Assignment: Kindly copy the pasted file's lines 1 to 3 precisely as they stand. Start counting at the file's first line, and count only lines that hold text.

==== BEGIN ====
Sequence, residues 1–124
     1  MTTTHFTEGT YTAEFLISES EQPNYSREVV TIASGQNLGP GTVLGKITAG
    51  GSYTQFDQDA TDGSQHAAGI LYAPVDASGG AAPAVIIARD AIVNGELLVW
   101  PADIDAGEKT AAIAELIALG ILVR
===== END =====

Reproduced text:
Sequence, residues 1–124
     1  MTTTHFTEGT YTAEFLISES EQPNYSREVV TIASGQNLGP GTVLGKITAG
    51  GSYTQFDQDA TDGSQHAAGI LYAPVDASGG AAPAVIIARD AIVNGELLVW